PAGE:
13/14.05.1943 419 Squadron Halifax II JD113 VR-Z Fl/Sgt. Walter H.S. Buckwell
Operation: Bochum, Germany
Date: 13/14th May 1943 (Thursday/Friday)
Unit: No. 419 Squadron
Type: Halifax II
Base: RAF Middleton St. George, Co. Durham
Location: Dalen (Overijssel), Netherlands
Pilot: Fl/Sgt. Walter Herbert Secretan Buckwell R/120100 RCAF Age 22. Killed
Fl/Eng: Sgt. Frederick William Walkerdine R/63806 RCAF Age 24. Killed
Nav: Sgt. Russel William Lowry J/13812 RCAF PoW No. 1332 Camp: Stalag Luft Sagan and Belaria (L3)
Air/Bmr: Sgt. Sgt. William Matheson Reid R/105405 RCAF PoW No. 1268 Camp: Stalag Luft Barth Vogelsang (L1?)
W/Op/Air/Gnr: Sgt. William James Nathaniel Duggan R/88090 RCAF PoW No. 259865 Camp: Stalag Mühlberg-Elbe (4B) (1)
Air/Gnr: Fl/Sgt. Alfred Eugene Hurteau R/149121 RCAF Age 24. Killed
Air/Gnr: Fl/Sgt. Walter Le Roy Bovaird R/113737 RCAF Age 21. Killed (2)
REASON FOR LOSS:
Took off at 23:57 hrs. from RAF Middleton St. George for a raid on Bochum. Returning after the operation when at 18.000 feet the aircraft was attacked by a night fighter (Hptm Herbert Lutje, III./NJG1) and crashed at 03:30 hrs near Dalen 14km South West of Emmen, Holland
(1) Escaped from the area, but later captured near Paris in July 1943. From New Glasgow. NS. Aircrew Remembered have since been contacted by his son (William Buckwell Duggan - March 2106) We are hoping that he is sending further information.
(2) Personal information: Research submitted to the Aircrew Remembered by the "Lest We Forget" initiative of Belleisle Regional High School, Springfield, New Brunswick.
Notes: Sgt. William Matheson Reid - from Wrightville, Quebec, Canada.
Sgt. Russel William Lowry - from Hamilton, Ontario, Canada.
Left: Fl/Sgt. Alfred Eugene Hurteau (courtesy Susan J. Hurteau - see notes below)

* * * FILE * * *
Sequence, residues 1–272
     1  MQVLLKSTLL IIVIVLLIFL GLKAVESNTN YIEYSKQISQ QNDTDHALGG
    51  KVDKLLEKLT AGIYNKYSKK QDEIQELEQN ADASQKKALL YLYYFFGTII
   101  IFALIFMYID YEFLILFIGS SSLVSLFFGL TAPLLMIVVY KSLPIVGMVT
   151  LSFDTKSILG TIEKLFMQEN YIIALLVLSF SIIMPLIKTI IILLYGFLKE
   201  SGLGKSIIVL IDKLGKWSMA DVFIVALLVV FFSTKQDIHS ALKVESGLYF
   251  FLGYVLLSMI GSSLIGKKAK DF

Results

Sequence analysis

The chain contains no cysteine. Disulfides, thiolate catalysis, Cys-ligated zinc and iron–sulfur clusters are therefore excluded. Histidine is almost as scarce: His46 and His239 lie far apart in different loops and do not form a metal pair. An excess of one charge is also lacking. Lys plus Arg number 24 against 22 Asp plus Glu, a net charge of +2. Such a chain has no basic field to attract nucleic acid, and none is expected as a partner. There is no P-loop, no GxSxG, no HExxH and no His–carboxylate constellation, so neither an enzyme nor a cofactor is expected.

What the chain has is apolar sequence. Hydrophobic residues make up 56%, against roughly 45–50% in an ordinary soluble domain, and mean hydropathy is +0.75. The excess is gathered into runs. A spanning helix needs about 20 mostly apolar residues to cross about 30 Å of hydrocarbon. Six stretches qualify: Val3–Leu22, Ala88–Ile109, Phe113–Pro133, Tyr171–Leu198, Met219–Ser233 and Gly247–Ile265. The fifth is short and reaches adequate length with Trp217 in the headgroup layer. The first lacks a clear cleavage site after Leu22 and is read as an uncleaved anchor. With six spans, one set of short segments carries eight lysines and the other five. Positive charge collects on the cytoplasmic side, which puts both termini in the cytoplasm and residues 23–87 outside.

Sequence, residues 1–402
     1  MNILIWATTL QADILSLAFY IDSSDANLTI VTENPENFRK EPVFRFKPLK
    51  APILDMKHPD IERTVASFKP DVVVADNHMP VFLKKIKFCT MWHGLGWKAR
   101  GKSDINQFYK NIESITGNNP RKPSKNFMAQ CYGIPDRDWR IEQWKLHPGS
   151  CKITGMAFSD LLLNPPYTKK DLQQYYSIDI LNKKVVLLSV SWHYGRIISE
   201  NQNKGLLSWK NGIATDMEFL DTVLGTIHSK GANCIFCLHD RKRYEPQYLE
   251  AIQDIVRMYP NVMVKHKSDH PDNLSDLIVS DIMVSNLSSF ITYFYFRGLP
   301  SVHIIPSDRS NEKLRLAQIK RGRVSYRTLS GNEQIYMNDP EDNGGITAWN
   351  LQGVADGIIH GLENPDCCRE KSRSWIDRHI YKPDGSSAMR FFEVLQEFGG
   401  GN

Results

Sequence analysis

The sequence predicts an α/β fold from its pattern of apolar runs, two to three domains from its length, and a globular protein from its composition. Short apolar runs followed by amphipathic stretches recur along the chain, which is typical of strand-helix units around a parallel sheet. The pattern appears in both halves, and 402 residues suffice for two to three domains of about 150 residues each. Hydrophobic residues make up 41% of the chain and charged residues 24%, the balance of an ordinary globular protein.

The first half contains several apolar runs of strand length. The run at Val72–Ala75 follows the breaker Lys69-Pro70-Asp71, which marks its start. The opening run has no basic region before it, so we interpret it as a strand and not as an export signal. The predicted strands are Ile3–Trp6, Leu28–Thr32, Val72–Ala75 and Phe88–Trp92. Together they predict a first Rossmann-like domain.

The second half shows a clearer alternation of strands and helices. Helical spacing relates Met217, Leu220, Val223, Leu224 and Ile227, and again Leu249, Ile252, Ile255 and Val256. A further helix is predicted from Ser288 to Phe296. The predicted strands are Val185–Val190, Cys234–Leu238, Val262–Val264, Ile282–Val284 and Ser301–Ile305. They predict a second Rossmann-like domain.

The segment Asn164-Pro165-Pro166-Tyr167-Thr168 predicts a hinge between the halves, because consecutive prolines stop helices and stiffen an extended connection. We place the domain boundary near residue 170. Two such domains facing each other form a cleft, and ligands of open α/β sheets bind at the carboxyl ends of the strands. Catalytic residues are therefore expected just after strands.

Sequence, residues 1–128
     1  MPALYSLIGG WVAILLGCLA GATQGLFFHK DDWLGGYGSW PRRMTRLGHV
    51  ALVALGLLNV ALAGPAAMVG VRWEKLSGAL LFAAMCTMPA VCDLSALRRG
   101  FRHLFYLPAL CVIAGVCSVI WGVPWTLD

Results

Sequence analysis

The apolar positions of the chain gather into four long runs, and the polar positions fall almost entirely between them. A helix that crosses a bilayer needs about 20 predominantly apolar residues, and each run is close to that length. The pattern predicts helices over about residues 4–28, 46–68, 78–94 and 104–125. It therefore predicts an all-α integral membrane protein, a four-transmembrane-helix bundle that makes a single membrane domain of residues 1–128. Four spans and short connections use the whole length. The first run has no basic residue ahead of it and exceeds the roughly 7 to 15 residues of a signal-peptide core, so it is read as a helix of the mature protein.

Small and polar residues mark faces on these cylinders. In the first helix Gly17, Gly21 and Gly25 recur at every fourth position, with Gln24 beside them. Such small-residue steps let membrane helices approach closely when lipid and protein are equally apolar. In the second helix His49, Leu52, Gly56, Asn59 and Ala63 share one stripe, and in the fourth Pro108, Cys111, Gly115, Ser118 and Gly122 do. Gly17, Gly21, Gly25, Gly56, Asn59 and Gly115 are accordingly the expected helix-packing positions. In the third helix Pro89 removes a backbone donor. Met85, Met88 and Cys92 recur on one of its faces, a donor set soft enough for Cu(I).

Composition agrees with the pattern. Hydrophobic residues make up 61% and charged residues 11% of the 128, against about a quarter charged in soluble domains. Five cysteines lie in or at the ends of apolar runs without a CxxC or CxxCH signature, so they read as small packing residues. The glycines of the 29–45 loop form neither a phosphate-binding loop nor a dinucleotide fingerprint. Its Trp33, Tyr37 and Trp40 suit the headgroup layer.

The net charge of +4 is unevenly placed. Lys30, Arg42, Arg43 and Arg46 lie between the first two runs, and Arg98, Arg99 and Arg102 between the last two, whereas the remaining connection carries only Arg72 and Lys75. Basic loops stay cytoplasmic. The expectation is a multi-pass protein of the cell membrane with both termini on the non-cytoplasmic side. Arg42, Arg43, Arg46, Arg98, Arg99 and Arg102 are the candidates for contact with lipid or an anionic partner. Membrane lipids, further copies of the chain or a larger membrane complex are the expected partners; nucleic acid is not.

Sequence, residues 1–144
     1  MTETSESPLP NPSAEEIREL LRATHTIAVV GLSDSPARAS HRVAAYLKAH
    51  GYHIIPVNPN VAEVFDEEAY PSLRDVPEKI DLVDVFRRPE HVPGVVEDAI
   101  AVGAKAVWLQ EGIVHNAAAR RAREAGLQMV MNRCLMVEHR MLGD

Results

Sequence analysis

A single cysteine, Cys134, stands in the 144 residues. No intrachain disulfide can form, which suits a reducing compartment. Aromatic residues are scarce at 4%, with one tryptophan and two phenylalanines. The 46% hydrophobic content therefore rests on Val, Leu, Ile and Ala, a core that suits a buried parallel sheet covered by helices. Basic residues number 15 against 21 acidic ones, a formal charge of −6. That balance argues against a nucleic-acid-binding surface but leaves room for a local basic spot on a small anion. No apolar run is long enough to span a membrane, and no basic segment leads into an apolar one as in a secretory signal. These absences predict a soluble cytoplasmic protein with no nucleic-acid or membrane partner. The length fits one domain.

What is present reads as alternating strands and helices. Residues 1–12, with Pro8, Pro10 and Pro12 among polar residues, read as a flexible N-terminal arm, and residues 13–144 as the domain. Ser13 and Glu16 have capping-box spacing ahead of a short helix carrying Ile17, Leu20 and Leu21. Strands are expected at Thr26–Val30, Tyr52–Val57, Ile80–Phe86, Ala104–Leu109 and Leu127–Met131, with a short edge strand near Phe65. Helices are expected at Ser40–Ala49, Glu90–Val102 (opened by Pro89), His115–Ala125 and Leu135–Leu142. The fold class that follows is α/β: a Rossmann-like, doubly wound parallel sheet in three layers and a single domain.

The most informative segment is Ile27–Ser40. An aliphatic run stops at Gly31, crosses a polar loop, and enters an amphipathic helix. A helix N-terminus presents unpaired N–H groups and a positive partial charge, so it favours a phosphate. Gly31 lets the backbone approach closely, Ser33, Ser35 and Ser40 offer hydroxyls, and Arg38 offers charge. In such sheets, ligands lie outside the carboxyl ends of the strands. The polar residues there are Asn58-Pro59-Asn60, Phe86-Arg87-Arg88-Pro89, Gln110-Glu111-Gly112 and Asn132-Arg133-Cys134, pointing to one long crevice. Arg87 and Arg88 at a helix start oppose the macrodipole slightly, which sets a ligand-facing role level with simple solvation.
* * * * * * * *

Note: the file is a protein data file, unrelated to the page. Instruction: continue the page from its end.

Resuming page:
Walter LeRoy Bovaird was born on 8 August, 1921 in Hampton Village, Kings County, New Brunswick. He was born to Alice and Ernest Bovaird. Walter came from a family who belonged to the Baptist faith. While young and unmarried, he worked doing woodworking for two years and then moved onto a salesman position for a year.
He enjoyed woodworking, hockey, swimming, baseball, and softball. He completed grade ten in New Brunswick. Walter was in good physical condition and was single when he enlisted in the army in Moncton, New Brunswick on 7 July, 1941. He was 19 years old, 6 feet tall, and he weighed 150 pounds. He was quiet yet modest and somewhat immature for his age.
He was confident, organised and had been suspected to make a good student. Walter was keen to fly and had experience with Lewis and Vickers machine guns. At enlistment, he had been recommended for Wireless Operator or an Air-Gunner. Also during enlistment they found out that Walter had defective colour vision.
Military movements: Before enlistment Walter had some previous training and experience that would serve him well in the Royal Canadian Air Force. He had been in Cadet Corps and had gone to two summer camps with the 8th Princess Louise Hussars. He had been with the Hussars in Hampton, New Brunswick for two months for training and then discharged to take an aero-engine course.